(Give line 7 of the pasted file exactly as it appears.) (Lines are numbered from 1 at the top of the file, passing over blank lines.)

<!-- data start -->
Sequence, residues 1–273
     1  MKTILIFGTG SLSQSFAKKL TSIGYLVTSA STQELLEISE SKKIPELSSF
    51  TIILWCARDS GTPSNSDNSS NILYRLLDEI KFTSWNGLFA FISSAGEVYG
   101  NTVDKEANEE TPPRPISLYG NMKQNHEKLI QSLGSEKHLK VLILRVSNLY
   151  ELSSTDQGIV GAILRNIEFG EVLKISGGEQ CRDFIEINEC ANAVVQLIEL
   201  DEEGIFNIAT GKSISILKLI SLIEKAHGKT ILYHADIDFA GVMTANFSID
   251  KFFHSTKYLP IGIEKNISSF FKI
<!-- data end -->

   251  KFFHSTKYLP IGIEKNISSF FKI